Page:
Like most other municipalities in the Upper Engadin, Celerina was first mentioned in official documents in 1139. At that time, the Bishop of Chur, Konrad I of Biberegg, commissioned a cellar to be built in the side of the hill to store the meat obtained as a tithe payment from his subjects, which was collected on his behalf by two families, one in Pontresina and one in Zuoz. The present-day name of Celerina derives from the original name, "Tschlarina", as the village is referred to in old documents, which today is written "Schlarigna" in the Romansh language ("Schler" means "cellar" in Romansh).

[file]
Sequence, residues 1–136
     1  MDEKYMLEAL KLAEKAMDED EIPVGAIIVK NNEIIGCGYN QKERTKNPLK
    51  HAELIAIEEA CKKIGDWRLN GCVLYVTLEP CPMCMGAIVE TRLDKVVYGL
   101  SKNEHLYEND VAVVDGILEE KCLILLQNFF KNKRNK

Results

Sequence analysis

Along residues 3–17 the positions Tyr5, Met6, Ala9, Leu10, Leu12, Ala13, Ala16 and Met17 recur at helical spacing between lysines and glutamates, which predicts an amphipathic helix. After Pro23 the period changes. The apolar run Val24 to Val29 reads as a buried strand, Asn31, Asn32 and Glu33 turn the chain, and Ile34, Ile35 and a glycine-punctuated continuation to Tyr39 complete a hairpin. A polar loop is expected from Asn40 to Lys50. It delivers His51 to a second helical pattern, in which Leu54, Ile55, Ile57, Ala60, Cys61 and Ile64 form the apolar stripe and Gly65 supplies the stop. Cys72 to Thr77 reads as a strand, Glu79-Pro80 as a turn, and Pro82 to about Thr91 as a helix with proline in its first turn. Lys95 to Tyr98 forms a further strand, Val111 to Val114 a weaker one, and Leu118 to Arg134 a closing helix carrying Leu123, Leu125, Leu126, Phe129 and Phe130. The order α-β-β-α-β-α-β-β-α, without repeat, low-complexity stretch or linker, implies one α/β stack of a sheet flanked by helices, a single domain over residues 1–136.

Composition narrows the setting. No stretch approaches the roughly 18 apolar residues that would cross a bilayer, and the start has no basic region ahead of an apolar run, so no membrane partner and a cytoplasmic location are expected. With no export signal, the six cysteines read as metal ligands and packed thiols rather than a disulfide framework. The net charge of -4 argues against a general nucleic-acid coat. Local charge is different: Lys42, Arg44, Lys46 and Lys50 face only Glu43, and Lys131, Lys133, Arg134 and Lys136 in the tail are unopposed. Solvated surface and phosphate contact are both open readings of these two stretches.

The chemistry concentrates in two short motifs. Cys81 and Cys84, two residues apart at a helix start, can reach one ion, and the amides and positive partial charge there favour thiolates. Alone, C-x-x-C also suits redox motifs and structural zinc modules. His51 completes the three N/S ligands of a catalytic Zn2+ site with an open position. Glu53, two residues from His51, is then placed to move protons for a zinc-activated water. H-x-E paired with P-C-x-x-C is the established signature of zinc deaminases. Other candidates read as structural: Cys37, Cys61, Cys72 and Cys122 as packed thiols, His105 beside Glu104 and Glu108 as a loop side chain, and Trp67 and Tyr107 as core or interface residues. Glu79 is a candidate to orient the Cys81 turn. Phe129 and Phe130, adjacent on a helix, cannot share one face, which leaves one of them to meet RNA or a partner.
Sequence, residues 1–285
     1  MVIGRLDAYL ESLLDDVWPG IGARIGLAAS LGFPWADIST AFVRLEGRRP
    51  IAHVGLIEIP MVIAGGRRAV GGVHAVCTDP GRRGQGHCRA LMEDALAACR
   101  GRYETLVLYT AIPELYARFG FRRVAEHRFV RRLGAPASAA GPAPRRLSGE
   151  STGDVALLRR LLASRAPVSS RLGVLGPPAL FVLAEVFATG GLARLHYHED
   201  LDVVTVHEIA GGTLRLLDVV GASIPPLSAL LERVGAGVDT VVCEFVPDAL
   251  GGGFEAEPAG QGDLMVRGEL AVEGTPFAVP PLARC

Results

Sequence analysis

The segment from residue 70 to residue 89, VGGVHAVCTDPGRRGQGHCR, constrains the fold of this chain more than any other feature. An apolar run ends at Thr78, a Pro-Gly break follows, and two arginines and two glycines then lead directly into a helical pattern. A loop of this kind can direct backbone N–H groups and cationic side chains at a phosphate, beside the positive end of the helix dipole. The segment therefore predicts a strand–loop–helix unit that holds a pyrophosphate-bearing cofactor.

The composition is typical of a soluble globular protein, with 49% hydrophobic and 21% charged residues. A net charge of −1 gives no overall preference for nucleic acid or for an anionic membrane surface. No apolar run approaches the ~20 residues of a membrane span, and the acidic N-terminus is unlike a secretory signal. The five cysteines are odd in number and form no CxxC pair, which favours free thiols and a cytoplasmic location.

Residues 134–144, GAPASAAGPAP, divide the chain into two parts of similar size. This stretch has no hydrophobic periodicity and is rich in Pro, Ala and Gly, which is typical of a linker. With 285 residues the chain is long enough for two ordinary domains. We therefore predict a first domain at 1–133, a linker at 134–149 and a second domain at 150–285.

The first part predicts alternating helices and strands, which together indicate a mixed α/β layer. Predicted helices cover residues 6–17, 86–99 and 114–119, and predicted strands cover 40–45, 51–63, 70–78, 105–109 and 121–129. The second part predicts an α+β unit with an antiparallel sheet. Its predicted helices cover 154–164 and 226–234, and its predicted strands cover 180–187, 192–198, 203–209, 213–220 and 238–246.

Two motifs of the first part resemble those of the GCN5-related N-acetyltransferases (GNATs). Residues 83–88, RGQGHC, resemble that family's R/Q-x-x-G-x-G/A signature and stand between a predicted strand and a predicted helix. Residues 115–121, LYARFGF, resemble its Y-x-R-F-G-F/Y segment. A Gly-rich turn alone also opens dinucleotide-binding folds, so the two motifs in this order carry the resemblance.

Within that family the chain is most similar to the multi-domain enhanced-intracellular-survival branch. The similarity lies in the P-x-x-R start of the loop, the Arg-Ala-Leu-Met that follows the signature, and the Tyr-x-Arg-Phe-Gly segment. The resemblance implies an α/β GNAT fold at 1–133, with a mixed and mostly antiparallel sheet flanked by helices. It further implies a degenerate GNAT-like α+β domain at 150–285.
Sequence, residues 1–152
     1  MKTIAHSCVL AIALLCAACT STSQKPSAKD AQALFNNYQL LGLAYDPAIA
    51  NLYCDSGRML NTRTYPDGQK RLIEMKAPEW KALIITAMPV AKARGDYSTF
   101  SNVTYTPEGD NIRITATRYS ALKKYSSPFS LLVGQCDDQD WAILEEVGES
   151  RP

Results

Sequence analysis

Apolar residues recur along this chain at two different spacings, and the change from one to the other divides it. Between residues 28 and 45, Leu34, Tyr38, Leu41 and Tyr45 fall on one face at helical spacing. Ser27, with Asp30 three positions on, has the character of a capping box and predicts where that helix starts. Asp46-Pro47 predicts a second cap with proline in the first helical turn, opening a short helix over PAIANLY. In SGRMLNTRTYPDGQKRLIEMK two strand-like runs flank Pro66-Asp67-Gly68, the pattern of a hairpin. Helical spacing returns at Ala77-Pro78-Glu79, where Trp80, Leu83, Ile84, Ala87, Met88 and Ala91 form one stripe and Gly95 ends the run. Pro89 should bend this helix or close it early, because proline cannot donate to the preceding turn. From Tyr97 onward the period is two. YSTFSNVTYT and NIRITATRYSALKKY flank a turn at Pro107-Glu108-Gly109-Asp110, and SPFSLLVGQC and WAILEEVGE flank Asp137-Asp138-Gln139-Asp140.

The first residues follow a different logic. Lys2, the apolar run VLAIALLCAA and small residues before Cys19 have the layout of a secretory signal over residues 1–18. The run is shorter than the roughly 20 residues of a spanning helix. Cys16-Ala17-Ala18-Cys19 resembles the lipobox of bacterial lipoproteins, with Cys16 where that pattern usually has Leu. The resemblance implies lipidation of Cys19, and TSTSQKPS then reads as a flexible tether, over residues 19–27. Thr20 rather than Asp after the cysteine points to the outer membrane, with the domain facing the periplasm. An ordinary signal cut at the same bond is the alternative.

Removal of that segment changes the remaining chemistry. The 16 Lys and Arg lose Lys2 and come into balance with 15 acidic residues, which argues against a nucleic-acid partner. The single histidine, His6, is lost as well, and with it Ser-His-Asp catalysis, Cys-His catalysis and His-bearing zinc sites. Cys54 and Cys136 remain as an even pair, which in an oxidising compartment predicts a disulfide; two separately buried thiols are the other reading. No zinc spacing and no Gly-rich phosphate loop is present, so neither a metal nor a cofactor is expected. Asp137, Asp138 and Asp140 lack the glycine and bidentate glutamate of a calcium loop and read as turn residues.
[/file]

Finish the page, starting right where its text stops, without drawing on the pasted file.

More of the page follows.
The name also has its roots in another local word for cellar, "Celler". Celerina drew up its own constitution as early as the 16th century, which regulated the affairs of the community and the rights and obligations of its residents.
Therein, old-established citizens enjoyed preferential status over people who had recently moved to the town. It compelled the newcomers to learn the Romansh language and adapt to local conventions. These days, new arrivals enjoy much greater freedom, and the people of Celerina are very conscious of the important role this plays, particularly in the sphere of tourism.